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AZ lung cancer drug rejected in Scotland

AstraZeneca's lung cancer drug, Iressa, has not been accepted for use in Scotland by the Scottish Medicines Consortium

AstraZeneca's (AZ) lung cancer drug, Iressa (gefitinib), has not been accepted for use in Scotland by the Scottish Medicines Consortium (SMC).

AZ described the decision as a "setback for Scotland's lung cancer patients" but said "it is working with the SMC in order to reverse the decision".

The drug was rejected on the grounds that the "manufacturer's justification of the treatment's cost in relation to its health benefits was not sufficient".

The SMC advises NHS Boards and Area Drug and Therapeutic Committees (ADTCs) in Scotland regarding the use of medicines and new formulations of medicines that have been licensed by the Medicines and Healthcare products Regulatory Agency (MHRA) or European Medicines Agency (EMA).

Gefitinib, a targeted oral therapy, has been shown to improve progression-free survival, and offers significant advantages over current chemotherapy treatments improving both quality of life and symptom control.

It is intended for use only for adult patients with locally advanced or metastatic non-small cell lung cancer (NSCLC) in patients who test positive for EGFR mutation tumours. This is to ensure only patients most likely to benefit can be considered for treatment, with the hope of minimising the financial risk.

Despite this, and acknowledging the drug's benefits, the SMC did not approve the drug.

AZ noted that the SMC's decision was based on the list price of gefitinib though, as opposed to the Single Patient Access scheme (SPA) put forward by the company.

Under SPA, a single payment, which remains fixed no matter what the duration of treatment, is issued per NHS patient. The figure for this fee is based on the overall population of patients with EGFR mutations for which gefitinib would meet the cost-effectiveness requirements laid out by the SMC and the National Institute for Health and Clinical Excellence (NICE).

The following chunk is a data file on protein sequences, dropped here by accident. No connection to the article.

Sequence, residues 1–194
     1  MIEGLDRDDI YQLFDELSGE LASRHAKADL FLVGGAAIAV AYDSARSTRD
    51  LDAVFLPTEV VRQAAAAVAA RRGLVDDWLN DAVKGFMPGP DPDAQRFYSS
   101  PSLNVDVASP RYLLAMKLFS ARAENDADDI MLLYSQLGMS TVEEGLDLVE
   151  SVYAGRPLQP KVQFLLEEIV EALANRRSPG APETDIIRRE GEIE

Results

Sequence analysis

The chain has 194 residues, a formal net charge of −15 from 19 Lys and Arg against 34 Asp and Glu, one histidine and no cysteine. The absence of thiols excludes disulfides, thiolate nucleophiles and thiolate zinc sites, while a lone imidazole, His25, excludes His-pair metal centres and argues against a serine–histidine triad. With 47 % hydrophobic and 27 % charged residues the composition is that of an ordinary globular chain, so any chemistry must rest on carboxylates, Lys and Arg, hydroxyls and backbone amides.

The SMC did not take the SPA scheme into account however, as the Patient Access Scheme Assessment Group (PASAG), the new body for evaluating patient access schemes for Scotland, deemed SPA 'not implementable' in Scotland.

AZ has said it is working with PASAG regarding this issue.

Dr Marianne Nicolson, consultant medical oncologist at Aberdeen Royal Infirmary said: "The failure to accept gefitinib is disheartening for people with NSCLC in Scotland. Gefitinib offers a major step forward in the treatment of NSCLC, as a medicine which is more effective and with fewer side effects than chemotherapy in patients with a particular feature in their lung cancer."

She continued: "However I am pleased to see that AstraZeneca and NHS Scotland are working together to clarify technical issues regarding the feasibility of implementing the SPA scheme in Scotland so patients can get access to this important treatment."

The advice offered by SMA applies only in Scotland and is independent of any recommendations from NICE, which will apply to patients in England and Wales.

11th May 2010

From: Healthcare


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